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The lading of a single pain, And part it, giving half to him.

But I remained, whose hopes were dim,

Whose life, whose thoughts were little worth

To wander on a darkened earth, Where all things round me breathed of biri.

O friend beloved! I sit apart and dumb,

Sometimes in sorrow, oft in joy divine; My lip will falter, but my prisoned heart Springs forth to measure its faint pulse with

thine. Thou art to me most like a royal guest,

Whose travels bring him to some lowly roof, Where simple rustics spread their festal fare

And, blushing, own it is not good enough. Bethink thee, then, whene'er thou com’st to me,

From high emprise and noble toil to rest,
My thoughts are weak and trivial, matched with

thine ;
But the poor mansion offers thee its best.

JULIA WARD HOWE.

O friendship, equal-poised control,

O heart, with kindliest motion warm,

O sacred essence, other form,
O solemn ghost, О crownéd soul !

Yet none could better know than 1,

How much of act at human hands

The sense of human will demands By which we dare to live or die.

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COMPLIMENT AND ADMIRATION.

TO MISTRESS MARGARET HUSSEY.

MERRY Margaret,
As midsummer flower,
Gentle as falcon,
Or hawk of the tower ;
With solace and gladness,
Much mirth and no madness,
All good and no badness;
So joyously,
So maidenly,
So womanly
Her demeaning, —
In everything
Far, far passing
That I can indite,
Or suffice to write,
Of merry Margaret,
As midsummer flower,
Gentle as falcon
Or hawk of the tower ;
As patient and as still,
And as full of good-will,
As fair Isiphil,
Coliander,
Sweet Pomander,
Good Cassander :
Steadfast of thought,
Well made, well wrought;
Far may be sought
Ere you can find
So courteous, so kind,
As merry Margaret,
This midsummer flower,
Gentle as falcon,
Or hawk of the tower.

JOHN SKELTON.

'Twixt the souls of friend and friend : But upon the fairest boughs,

Or at every sentence' end, Will I Rosalinda write ;

Teaching all that read to know The quintessence of every sprite

Heaven would in little show. Therefore Heaven nature charged

That one body should be filled
With all graces wide enlarged :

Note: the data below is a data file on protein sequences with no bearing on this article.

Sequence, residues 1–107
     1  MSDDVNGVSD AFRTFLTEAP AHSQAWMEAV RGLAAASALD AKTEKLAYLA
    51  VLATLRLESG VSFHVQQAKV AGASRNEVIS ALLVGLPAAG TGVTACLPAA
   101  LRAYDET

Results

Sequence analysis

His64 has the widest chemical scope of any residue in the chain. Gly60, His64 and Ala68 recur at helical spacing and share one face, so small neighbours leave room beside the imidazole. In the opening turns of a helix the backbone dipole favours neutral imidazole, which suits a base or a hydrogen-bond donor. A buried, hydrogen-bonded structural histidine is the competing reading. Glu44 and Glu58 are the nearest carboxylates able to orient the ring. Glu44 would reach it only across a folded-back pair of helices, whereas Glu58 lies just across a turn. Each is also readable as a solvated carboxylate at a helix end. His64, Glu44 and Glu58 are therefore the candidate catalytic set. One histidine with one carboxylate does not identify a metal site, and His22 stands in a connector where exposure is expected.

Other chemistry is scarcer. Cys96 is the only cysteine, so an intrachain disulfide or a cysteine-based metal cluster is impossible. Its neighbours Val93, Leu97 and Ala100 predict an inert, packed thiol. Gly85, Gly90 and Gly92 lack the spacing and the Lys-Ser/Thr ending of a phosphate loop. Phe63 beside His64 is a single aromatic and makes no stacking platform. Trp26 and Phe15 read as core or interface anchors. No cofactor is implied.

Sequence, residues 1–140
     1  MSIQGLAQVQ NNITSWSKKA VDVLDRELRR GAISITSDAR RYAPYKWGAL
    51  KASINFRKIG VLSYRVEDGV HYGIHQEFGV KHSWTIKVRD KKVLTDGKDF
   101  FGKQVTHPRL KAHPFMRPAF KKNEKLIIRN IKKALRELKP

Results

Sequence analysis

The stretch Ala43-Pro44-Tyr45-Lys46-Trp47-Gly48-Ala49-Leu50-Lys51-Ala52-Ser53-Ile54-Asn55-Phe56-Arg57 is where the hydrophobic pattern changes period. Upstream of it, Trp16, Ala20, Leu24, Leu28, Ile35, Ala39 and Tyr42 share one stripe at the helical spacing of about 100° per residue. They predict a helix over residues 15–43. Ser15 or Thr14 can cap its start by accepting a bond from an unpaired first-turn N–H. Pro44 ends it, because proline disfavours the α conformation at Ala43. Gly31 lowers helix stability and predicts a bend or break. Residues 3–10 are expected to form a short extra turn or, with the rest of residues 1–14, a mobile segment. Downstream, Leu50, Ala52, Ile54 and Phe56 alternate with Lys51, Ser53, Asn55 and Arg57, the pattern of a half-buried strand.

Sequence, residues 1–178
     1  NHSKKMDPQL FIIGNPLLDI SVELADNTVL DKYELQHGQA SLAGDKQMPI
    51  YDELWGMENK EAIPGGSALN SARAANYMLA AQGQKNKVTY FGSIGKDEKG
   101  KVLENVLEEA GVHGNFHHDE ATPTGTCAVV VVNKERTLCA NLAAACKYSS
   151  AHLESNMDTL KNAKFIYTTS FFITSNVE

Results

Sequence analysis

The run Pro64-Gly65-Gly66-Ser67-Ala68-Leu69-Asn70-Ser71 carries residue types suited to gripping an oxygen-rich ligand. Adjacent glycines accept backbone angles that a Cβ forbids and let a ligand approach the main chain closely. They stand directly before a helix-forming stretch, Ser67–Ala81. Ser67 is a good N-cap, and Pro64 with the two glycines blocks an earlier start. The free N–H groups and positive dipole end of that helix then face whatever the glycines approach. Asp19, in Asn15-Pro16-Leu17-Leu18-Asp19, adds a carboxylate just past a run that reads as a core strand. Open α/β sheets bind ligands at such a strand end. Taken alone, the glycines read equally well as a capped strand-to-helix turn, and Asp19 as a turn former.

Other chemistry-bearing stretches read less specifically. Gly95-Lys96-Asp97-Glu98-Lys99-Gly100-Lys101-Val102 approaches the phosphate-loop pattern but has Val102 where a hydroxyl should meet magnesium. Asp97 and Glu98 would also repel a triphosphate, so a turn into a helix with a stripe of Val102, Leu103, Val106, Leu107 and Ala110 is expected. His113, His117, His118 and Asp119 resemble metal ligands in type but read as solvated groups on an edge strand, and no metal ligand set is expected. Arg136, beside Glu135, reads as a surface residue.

Nature presently distilled
Helen's cheek, but not her heart,

Cleopatra's majesty,
Atalanta's better part,

Sad Lucretia's modesty. Thus Rosalind of many parts

By heavenly synod was devised ; Of many faces, eyes, and hearts,

To have the touches dearest prized. Heaven would that she these gifts should have,

And I to live and die her slave.

SHAKESPEARE

PHILLIS THE FAIR.

On a hill there grows a flower,

Fair befall the dainty sweet ! By that flower there is a bower

Where the heavenly muses meet.

In that bower there is a chair,

Fringed all about with gold, Where doth sit the fairest fair

That ever eye did yet behold.

It is Phillis, fair and bright,

She that is the shepherd's joy, She that Venus did despite,

And did blind her little boy.

WHY SHOULD THIS DESERT SILENT BE?

FROM "AS YOU LIKE IT."
Why should this desert silent be?

For it is unpeopled ? No;
Tongues I 'll hang on every tree,

That shall civil sayings show:
Some, how brief the life of man

Runs his erring pilgrimage;
That the stretching of a span

Buckles in his sum of age :
Some, of violated vows

Who would not that face admire ?

Who would not this saint adore ! Who would not this sight desire ?

Though he thought to see no more,

Thou that art the shepherd's queen,

Look upon thy love-sick swain ; By thy comfort have been seen Dead men brought to life again.

NICHOLAS BRETON

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A VIOLET in her lovely hair,
A rose upon her bosom fair !

But O, her eyes
A lovelier violet disclose,
And her ripe lips the sweetest rose

That's 'neath the skies.

Fair Portia's counterfeit? What demi-god
Hath come so near creation ? Move these eyes ?
Or whether, riding on the balls of mine,
Seem they in motion ? Here are severed lips,